Nordens Ark

World's Smallest Deer Born in Sweden

Norden's Ark Pudu 1
Photo credit: Tom Svensson / Nordens Ark

On April 30th, Nordens Ark in Sweden welcomed a pint sized baby, a male Southern Pudu. It is the sixth fawn born at the zoo since it began housing and breeding the species eight years ago in an effort to help conserve this tiny South American deer species. The little boy has been spending his days in an enclosure with his parents for visitors to see. You can get a glimpse of the little guy in the video below!


Pudu, native to South America, are known for being the smallest species of deer measuring under a foot and a half tall and around 25 pounds. They are separated into two subspecies, the Northern Pudu and the Southern Pudu. The southern variety can be found on the slopes of the Southern Andes at elevations up to 6,600 feet.  They live in temperate rain forests, using their small size to help them take cover in undergrowth to avoid predators. They live on a herbivorous diet that includes a wide range of different types of plant matter. 

Both subspecies of Pudu are classified as "vulnerable" by the International Union for Conservation of Nature (IUCN) due to overhunting and habitat loss. Zoos around the world are helping to conserve this species through captive breeding programs and re-introduction efforts. 


UPDATE: Amur Tiger Cubs Thriving at Nordens Ark


Born on April 12, three Amur Tiger cubs at Sweden’s Nordens Ark are thriving. The cubs recently sat for a quick photo shoot.  In the video, two of the cubs were tuckered out, but the third cub had other ideas! 

Photo Credit: Tom Svensson


The two-and-a-half-week-old cubs were born to mother Sparta and remain with her in the birthing den for now.  Honan continues to provide excellent maternal care for her offspring.  The family will move onto public display sometime this summer.  You can see the cubs’ first baby pictures here

Amur Tigers are also known as Siberian Tigers.  They are native to the far northeastern regions of Russia and are the largest of the six living Tiger subspecies.  With only 400 individuals remaining in the wild, zoo-born animals like these three cubs are increasingly important to the survival of the species.


Ferocious Wolverine Pups Born in Sweden

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Staff at Nordens Ark in Sweden finally got a glimpse of their newest residents, three Wolverine pups. The pups, born on February 21st, recently emerged from their mother's den; where they spent the first six weeks of their lives completely dependent on their mother.

Wolverines have a fairly small captive population of around one hundred individuals internationally. Since Wolverines are considered to be difficult to breed in captivity, and are associated with high infant mortality, this is a very important birth for the captive population. This is the second litter for the mother. She proved to be an excellent mother to her first litter of pups, so keepers are optimistic about the outlook for her newest batch.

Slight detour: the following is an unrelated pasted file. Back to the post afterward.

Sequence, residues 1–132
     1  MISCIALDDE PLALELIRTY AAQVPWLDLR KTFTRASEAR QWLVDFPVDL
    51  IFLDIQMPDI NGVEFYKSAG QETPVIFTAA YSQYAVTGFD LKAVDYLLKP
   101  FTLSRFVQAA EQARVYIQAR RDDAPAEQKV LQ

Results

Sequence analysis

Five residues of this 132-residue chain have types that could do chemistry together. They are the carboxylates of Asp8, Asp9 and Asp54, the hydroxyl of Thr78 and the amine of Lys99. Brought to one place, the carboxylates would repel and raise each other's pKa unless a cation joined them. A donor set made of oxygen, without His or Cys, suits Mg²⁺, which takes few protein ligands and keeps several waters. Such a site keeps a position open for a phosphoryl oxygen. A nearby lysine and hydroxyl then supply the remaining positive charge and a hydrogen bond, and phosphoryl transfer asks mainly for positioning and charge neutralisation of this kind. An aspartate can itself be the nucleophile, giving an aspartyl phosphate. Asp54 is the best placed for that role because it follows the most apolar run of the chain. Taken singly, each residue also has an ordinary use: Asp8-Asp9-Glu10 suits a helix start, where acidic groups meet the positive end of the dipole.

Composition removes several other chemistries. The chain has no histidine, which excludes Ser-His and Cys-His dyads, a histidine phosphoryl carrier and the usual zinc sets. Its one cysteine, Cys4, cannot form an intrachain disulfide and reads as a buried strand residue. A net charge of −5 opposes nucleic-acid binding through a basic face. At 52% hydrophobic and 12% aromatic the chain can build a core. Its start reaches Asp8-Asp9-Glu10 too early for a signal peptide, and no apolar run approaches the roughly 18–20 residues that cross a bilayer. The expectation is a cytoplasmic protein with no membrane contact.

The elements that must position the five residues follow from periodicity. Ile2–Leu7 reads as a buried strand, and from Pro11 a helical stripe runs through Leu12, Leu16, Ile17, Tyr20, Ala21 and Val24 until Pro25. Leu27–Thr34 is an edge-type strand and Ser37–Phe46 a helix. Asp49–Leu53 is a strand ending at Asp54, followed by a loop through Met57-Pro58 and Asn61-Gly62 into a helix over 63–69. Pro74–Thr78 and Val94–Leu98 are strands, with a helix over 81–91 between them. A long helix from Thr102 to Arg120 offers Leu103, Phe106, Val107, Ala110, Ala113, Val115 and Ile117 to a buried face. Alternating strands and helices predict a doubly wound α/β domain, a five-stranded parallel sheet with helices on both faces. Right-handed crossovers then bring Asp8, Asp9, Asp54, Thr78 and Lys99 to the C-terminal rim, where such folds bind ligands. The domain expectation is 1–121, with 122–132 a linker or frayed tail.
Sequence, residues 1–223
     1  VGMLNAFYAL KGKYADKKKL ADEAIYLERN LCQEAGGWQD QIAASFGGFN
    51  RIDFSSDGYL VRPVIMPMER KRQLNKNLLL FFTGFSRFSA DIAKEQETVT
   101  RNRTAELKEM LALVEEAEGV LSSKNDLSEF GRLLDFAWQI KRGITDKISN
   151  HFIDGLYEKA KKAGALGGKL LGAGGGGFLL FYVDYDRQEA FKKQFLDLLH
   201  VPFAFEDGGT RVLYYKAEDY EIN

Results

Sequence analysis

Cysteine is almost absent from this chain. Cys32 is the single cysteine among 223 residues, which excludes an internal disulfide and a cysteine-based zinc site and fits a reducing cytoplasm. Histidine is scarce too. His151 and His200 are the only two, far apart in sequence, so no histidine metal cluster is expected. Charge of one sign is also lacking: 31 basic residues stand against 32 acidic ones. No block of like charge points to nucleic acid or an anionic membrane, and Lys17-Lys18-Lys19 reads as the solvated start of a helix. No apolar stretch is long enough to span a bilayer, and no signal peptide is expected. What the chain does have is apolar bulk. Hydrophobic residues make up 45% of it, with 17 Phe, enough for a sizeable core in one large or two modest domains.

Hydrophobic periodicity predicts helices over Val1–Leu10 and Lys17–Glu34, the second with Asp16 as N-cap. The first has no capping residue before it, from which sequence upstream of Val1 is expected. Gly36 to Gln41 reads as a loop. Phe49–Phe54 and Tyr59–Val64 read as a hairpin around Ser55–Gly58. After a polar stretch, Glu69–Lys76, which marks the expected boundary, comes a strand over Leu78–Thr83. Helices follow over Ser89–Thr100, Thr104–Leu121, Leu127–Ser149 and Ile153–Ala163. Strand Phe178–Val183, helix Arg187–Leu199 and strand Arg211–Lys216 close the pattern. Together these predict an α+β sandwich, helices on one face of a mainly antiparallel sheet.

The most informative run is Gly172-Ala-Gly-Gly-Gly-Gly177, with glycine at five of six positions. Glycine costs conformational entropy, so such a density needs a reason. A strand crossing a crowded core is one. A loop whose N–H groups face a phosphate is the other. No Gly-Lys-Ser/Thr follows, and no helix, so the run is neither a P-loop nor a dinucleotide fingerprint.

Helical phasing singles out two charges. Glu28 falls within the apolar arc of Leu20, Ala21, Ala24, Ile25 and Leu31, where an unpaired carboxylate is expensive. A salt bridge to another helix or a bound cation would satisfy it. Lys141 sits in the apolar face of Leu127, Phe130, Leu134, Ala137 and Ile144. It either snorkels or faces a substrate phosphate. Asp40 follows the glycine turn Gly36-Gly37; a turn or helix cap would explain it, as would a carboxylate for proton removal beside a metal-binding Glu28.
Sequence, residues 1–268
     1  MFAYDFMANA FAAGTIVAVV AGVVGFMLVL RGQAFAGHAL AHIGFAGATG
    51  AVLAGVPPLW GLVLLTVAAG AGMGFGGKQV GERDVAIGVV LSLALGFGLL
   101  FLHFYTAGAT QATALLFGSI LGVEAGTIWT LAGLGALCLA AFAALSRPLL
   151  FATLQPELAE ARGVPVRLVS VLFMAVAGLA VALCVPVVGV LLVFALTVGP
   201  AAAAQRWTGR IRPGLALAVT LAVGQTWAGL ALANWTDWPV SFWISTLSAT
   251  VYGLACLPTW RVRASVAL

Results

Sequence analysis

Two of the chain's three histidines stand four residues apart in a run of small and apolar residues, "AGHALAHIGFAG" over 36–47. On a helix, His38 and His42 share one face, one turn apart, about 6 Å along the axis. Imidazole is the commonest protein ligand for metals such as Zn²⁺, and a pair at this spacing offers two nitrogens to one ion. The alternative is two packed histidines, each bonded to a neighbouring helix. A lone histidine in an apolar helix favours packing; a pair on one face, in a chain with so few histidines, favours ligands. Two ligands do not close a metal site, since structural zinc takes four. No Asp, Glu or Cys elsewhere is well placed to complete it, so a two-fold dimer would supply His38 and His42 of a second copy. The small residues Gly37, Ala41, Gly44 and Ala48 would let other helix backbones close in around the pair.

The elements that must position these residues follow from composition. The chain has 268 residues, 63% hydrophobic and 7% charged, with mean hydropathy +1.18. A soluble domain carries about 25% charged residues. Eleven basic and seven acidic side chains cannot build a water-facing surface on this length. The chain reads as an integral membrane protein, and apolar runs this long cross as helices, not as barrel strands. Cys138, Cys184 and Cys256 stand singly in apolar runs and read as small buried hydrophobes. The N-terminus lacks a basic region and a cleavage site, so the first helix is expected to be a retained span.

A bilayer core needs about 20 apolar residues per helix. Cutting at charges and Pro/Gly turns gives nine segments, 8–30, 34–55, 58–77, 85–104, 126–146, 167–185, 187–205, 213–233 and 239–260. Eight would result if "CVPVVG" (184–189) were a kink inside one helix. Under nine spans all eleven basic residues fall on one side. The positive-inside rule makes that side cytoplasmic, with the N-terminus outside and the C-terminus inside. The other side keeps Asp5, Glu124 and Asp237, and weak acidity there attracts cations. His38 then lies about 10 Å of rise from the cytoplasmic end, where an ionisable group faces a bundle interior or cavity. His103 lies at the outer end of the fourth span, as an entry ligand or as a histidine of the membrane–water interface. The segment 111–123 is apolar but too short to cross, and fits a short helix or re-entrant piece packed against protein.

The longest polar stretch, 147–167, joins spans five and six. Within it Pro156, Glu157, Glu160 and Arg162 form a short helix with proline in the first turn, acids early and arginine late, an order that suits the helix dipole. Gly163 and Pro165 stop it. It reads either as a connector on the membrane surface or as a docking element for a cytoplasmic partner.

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Wolverine 3

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Photo credits: Tom Svensson / Nordens Ark

Wolverines are medium sized predators. They are classified in the same family as Weasels, and are the largest species in this grouping. They are ferocious predators that are known to take down prey several times their own size. Native across the Northern Hemisphere in North America, Europe and Asia, Wolverines have adapted to a wide range of habitats. They are currently listed as species of "least concern" by the IUCN due to relatively large population numbers. Despite this, in February of 2013, the US Fish and Wildlife Service proposed give the species protection under the Endangered Species Act due to habitat loss as a result of global climate change.

Nordens Ark Welcomes Three Amur Tiger Cubs


A litter of Amur Tiger cubs was born on April 12 at Sweden's Nordens Ark. The three cubs, two males and a female, were born to mother who is important to the European breeding program for this critically endangered species. For the next few weeks, the cubs will remain with Honan in the den. According to zoo keepers, Honan is a great mother and is very gentle with her cubs. The family will make a public debut early this summer.



Photo Credit:  Tom Svensson/Nordens Ark

Amur Tigers, also known as Siberian Tigers, are the largest of the six living Tiger subspecies, with males attaining a head and body length of well over six feet (200 cm) and a weight of more than 400 pounds (180 kg).  They inhabit remote mountain areas of the Russian Far East.  With fewer than 400 individuals and a breeding population of about 250 adults, Amur Tigers are classified as endangered, due primarily to poaching.  A number of international agreements to ban trade and enhance surveillance may be helping to stabilize the population, though low genetic diversity within the wild population may threaten the future of this species.

Three Little Wolf Pups


Maned Wolves at Sweden's Nordens Ark Zoo had two pups in late January; one male and two females. The zoo's breeding pair is a key pair in the Maned Wolf breeding program worldwide, making this birth especially important for conservation. Maned Wolf pups are born all black, and gradually change color as they grow older. By around six months of age, they'll be nearly completely reddish brown. The pups will remain close to their mother in their den for now, but by spring visitors should have a chance to see them in person.


Photo credit: Tom Svensson/Nordens Ark

Maned Wolves come from South America and are currently listed as vulnerable to extinction on the IUCN Red List.